I wasn't sure where to put this.
As a parent of a gifted child and a gifted educator, my advice to you is to just be honest with your child's teacher.
I really like Turtletime's suggestions as to how to complete the form for th teacher.
I think turtletime has a lot of wisdom in there. I agree about staying vague yet honest ... but without using the word "bored," which tends to be taken very poorly by teachers.
Miranda in rural BC, Canadamom to three great kids and one great grown-upunschooler, violist, runner, doc
For starters, welcome to the board. We are pretty slow at the moment but there are still some great contributors here.
If it were me, I'd be pretty vague in that letter and say with you want without suggesting that she's not getting it yet. Give general information just like you said "DD does well in a structured enviroment" and "DD really enjoys the art/music/P.E. program." For concerns, go for the emotional impact and not include your own theories as to why... "DD has been frustrated and sad about school." Of course, only if this is true. What exactly has your child said about the program? Is she happy to go or making excuses to stay home?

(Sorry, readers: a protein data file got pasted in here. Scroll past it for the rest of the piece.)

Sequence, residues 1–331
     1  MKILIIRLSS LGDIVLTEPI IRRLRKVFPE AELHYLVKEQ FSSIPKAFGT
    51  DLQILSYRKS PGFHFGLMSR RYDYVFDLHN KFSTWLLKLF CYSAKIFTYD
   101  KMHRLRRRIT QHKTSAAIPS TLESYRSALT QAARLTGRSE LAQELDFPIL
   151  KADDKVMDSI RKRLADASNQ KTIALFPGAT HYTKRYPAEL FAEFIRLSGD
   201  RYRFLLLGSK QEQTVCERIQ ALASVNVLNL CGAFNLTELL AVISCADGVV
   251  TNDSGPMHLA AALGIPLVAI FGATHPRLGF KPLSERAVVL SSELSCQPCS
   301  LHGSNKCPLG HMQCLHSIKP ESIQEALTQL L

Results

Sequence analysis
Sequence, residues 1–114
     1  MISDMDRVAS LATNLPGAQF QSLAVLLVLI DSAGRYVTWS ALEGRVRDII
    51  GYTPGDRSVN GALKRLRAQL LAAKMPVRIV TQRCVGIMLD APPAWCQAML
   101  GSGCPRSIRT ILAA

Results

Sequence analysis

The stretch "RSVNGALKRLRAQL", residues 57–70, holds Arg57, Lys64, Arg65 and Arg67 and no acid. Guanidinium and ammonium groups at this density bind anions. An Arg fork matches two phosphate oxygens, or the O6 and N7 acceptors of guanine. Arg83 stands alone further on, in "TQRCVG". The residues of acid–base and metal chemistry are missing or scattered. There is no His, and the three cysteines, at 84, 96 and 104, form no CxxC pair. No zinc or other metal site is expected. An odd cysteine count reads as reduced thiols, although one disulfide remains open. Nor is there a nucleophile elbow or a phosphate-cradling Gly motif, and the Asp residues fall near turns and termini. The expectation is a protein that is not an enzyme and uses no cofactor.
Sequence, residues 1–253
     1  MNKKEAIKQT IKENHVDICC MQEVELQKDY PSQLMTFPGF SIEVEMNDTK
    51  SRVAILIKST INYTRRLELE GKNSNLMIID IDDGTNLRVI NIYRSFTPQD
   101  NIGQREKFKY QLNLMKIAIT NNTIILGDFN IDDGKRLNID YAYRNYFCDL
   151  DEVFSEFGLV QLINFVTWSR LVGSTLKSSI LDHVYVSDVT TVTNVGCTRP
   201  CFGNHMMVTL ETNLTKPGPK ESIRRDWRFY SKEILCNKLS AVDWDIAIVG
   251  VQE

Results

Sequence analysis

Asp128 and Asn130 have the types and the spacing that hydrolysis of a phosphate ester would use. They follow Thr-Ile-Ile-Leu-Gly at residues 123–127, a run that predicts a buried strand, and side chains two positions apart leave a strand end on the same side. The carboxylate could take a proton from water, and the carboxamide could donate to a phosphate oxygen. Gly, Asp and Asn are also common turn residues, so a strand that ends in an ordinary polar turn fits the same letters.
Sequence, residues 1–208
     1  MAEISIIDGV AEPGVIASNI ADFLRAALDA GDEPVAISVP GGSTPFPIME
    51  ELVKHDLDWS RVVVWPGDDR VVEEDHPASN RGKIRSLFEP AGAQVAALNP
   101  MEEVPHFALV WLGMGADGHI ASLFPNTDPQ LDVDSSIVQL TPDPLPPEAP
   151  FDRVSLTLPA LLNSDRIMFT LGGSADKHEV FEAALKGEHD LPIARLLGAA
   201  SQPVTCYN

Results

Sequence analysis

Something to keep in mind, these teachers may not be keeping with the structured vision of the school but I wouldn't say they aren't doing what they are supposed to be doing as preschool teachers. Preschool teachers are supposed to allow for lots of down/free time. It's developmentally appropriate as most kids this age still learn primarily through play. Yes, the kids do better with some sort of steady schedule because kids that age don't often have a good sense of time and mark their day based on activities. Some would be very agitated if suddenly outdoor time was before lunch instead of after one day (especially if mom always comes after outdoor play and this one day she doesn't because it's at a different time!) In that way, there should be structure. Structured learning is something typically reserved for older children though. Just keep this in mind when talking to the teacher.... what she's doing isn't neccessarily "wrong" in the eyes of early childhood development.... It's just not working for your own child. When you ask for help, you are asking for the "exception to the rule" as opposed to suggesting they aren't doing right by the whole class. Recognising that your child is different will allow you to talk about what your DD needs without making any personal accusations.